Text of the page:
Palmer Hydrological Drought Index (PHDI)
Index name: Palmer Hydrological Drought Index (PHDI).
Ease of use: Yellow.
Origins: Part of the suite of indices developed by Palmer in the 1960s with the United States Weather Bureau.
Characteristics: Based on the original PDSI and modified to take into account longer-term dryness that will affect water storage, streamflow and groundwater. PHDI has the ability to calculate when a drought will end based on precipitation needed by using a ratio of moisture received to moisture required to end a drought. There are four drought categories: near normal, which occurs approximately 28%–50% percent of the time; mild to moderate, which occurs approximately 11%–27% percent of the time; severe, which occurs approximately 5%–10% percent of the time; and extreme, which will occur approximately 4% of the time.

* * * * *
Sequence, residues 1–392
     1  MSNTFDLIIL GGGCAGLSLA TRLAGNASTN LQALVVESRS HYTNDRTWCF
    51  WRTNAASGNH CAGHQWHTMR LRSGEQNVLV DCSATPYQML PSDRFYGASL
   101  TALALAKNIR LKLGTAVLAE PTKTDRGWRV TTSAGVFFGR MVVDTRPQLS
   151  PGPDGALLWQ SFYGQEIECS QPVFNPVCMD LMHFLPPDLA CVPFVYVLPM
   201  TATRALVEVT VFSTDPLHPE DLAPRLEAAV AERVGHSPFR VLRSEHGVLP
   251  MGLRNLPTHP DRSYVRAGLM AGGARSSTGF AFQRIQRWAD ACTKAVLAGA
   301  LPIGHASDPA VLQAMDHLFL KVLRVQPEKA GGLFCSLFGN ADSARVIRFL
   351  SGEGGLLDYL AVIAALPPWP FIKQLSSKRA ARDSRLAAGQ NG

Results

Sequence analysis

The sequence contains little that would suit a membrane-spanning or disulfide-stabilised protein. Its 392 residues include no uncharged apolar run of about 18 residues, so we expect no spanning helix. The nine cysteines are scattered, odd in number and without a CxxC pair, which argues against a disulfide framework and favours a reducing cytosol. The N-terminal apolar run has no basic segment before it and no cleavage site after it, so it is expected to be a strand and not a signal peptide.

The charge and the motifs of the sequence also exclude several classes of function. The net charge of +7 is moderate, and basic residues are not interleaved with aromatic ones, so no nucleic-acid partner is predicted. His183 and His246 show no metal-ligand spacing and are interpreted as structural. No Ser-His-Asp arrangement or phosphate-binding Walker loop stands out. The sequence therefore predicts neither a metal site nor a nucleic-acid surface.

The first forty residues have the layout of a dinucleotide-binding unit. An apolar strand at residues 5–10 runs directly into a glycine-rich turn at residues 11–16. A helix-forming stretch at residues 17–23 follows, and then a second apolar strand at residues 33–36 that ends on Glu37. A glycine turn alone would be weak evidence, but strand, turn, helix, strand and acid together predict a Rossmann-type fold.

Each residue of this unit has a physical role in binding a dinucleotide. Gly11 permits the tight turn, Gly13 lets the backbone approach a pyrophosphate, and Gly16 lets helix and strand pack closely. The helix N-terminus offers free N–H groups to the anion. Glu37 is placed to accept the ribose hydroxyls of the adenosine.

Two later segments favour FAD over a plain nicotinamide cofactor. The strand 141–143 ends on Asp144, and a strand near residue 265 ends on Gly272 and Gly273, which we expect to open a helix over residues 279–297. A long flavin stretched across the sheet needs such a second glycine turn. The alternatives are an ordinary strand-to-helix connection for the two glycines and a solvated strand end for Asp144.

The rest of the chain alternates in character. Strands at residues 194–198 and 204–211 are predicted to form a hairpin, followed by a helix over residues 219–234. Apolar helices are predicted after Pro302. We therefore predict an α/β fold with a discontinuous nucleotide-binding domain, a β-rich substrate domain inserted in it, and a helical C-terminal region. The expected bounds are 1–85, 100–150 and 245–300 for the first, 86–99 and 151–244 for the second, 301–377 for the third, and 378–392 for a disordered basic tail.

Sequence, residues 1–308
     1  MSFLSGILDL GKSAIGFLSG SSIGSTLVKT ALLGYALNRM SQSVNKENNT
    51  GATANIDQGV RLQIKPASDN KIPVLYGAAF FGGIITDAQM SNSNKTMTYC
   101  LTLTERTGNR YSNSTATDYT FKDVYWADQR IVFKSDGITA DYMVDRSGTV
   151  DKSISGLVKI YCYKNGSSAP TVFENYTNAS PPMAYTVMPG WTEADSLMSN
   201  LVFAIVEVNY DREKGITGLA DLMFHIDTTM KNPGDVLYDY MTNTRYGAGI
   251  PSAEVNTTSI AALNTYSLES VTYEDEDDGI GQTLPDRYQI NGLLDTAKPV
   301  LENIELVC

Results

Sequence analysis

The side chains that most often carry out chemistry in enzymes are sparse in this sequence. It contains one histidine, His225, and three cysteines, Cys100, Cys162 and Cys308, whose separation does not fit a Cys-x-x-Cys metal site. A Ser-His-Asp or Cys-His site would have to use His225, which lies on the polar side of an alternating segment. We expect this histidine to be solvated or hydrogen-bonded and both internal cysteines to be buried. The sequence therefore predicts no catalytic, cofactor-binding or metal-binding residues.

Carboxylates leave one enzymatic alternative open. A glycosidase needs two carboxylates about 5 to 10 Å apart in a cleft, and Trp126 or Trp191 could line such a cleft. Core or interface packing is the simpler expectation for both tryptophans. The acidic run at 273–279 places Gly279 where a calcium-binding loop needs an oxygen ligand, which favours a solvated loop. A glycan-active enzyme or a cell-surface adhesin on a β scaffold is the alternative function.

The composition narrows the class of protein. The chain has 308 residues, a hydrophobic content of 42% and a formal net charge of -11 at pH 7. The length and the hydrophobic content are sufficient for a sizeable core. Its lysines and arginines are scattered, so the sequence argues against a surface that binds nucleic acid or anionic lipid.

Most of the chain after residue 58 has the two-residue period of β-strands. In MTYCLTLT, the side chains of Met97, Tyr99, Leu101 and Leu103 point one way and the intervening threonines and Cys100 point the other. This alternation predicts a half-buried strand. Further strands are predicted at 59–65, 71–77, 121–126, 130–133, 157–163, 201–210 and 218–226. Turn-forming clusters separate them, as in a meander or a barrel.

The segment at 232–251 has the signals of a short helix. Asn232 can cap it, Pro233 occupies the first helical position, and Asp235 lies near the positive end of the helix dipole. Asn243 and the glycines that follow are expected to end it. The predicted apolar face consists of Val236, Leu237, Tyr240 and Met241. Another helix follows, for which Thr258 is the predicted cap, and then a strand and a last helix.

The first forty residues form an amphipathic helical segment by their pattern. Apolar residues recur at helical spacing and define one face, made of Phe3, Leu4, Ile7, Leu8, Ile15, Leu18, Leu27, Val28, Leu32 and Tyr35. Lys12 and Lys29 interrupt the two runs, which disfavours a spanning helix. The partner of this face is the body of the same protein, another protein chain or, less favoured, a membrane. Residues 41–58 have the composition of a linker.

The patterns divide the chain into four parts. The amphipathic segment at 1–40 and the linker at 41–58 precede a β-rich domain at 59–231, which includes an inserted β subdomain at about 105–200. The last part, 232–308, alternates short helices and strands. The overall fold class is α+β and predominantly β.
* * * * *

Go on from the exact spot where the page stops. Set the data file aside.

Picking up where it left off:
Input parameters: Monthly temperature and precipitation. Information on the water-holding capacity of soils can be used, but defaults are also available. A serially complete record of temperature and precipitation data is required.
Applications: Most useful for taking into account drought affecting water resources on longer timescales.
Strengths: Its water balance approach allows the total water system to be considered.
Weaknesses: Frequencies will vary by region and time of year, where extreme drought may not be a rare event during some months of the year. The impact of human influences, such as management decisions and irrigation, are not considered in the calculations.
Resources: The code can be found in the original Palmer paper in the reference below. More explanations can be found in: Jacobi, J., D. Perrone, L. Lyons Duncan and G. Hornberger, 2013: A tool for calculating the Palmer drought indices. Water Resources Research, 49: 6086–6089. DOI: 10.1002/wrcr.20342.
Reference: Palmer, W.C., 1965: Meteorological Drought. Research Paper No. 45. United States Weather Bureau, Washington, DC.
Currently used by: Trinidad and Tobago.